Stevia is a healthier sugar substitute, a natural alternative sweetener gotten from the leaves of the Stevia rebaudiana plant species. If you’ve been looking for a sugar substitute that won’t increase your blood sugar levels but will add sweetness to whatever it is you’re adding it to, then stevia is an excellent choice. This sweetener lacks carbs, calories, and unlike other sweeteners, it is from entirely natural sources.
Not only is stevia a no-calorie sweetener, but it’s about 200 to300 sweeter than sugar and so is only needed in tiny quantities. A lot of companies use stevia instead of sugar in producing various foods and beverages and baked foods. Although not all baked goods, some baked goods require sugar to caramelize, and sugar is sometimes usually an essential factor in the weight and volume of the baked good.
- 1 Differences between sugar and stevia
- 2 Benefits of stevia to diabetics
- 3 It helps lose weight.
- 4 It helps lower the amount of harmful cholesterol in the body.
- 5 Stevia helps reduce the risk of heart issues.
- 6 It has anti-inflammatory properties.
- 7 Helps maintain blood pressure
- 8 Stevia intake does not alter nutrients and food digestion in the body
- 9 It increases the secretion of insulin.
- 10 Risks of using stevia
- 11 How to use stevia
- 12 Conclusion
If you’re still wondering If this no calories, no carbs sweetener is healthy for people with diabetes to use: then the answer is yes. Although as diabetics, you are advised to cut off every form of sweets and sugar from your diet, stevia doesn’t count because of all. However, it is sweet. It doesn’t cause an unnecessary spike in blood glucose levels and improves glucose tolerance.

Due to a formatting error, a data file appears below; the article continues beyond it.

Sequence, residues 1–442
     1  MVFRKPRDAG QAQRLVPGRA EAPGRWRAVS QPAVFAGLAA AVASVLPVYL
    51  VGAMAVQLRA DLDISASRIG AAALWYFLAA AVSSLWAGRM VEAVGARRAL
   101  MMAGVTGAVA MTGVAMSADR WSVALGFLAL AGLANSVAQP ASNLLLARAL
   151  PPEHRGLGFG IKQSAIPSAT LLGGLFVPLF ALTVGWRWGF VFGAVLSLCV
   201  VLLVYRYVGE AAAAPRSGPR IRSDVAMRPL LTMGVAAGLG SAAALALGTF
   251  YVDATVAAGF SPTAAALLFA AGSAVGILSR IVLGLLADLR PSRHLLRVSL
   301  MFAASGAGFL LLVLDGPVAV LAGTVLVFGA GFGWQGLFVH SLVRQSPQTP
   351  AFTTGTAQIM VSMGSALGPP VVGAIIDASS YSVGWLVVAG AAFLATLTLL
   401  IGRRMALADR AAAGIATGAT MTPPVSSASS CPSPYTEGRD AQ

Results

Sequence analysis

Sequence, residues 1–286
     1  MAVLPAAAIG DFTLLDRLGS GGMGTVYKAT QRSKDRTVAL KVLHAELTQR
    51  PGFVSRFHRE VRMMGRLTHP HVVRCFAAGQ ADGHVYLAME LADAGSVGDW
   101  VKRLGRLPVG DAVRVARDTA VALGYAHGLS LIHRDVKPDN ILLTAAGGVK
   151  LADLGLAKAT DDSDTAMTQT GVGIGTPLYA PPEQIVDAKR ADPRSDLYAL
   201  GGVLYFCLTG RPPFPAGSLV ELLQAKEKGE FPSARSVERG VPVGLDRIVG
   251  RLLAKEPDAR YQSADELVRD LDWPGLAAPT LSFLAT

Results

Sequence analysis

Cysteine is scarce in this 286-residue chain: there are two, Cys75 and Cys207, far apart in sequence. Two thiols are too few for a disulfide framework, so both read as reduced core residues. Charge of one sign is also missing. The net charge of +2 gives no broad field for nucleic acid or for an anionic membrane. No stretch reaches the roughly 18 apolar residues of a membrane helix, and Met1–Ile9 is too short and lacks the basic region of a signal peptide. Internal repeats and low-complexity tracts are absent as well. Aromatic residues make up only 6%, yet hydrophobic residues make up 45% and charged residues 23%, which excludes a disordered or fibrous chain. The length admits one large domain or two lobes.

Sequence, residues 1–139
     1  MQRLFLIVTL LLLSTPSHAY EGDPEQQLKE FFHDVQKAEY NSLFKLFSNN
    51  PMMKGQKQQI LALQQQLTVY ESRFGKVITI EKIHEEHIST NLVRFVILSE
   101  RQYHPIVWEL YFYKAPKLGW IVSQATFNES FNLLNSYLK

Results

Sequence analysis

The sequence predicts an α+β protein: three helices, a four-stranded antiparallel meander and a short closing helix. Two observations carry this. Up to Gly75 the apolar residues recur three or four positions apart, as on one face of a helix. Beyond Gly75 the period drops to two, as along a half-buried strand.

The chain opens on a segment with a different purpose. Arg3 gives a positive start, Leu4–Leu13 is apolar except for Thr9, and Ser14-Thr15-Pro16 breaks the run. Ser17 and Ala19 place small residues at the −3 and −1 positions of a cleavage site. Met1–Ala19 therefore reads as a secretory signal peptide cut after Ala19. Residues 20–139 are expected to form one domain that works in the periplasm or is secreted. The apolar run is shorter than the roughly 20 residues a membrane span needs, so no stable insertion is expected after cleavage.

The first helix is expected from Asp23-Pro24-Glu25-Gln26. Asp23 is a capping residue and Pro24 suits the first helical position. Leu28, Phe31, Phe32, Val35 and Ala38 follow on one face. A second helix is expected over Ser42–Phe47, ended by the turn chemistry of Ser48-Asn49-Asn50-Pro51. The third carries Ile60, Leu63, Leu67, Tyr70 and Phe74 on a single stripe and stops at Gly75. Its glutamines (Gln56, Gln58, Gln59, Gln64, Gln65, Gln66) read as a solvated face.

How is stevia produced?
Stevia sweeteners are from the leaves of the Bertoni plant. the Stevia rebaudenia plant species originated from South America, Brazil, and Paraguay. It has been used in these countries for a very long time to sweeten food, tea, and medicine. Its leaves and crude extracts have also been used as dietary supplements. Stevia sweeteners are produced by extracting steviol glycosides from the leaves of the stevia plant, but they are considered crude extracts. The crude extract is then purified to remove every bitterness attributes.
All steviol glycosides contain steviol and compounds like stevioside, steviobioside, and many forms of rebaudioside, which are rebaudioside A, C, D, E, and F. The most common is rebaudioside A, commonly called Reb-A, and a lot of stevia products don’t contain the raw stevia but the highly refined leaf extract that is Reb-A. For example, Truvia, Pure Via, SweetLeaf, and Stevia in the raw and Reb-A products are liquid, powdered, and granulated forms.
Also, some Reb-A products are usually a blend of stevia and sugar alcohol like erythritol, dextrose, isomalt, lactitol, maltitol, xylitol. For instance, Truvia is a mixture of stevia and erythritol, while stevia in the raw is a mixture of stevia and dextrose.
Differences between sugar and stevia
Too much sugar consumption is not only considered unhealthy for people with diabetes but non-diabetics as well. It can cause spikes in blood sugar levels, cause weight gain, and poor diet management. This is why for patients who prefer sweet things, a natural sweetener that is low both in calories and carbs is often suggested, an example of which is stevia. Comparing table sugar and stevia nutritionally.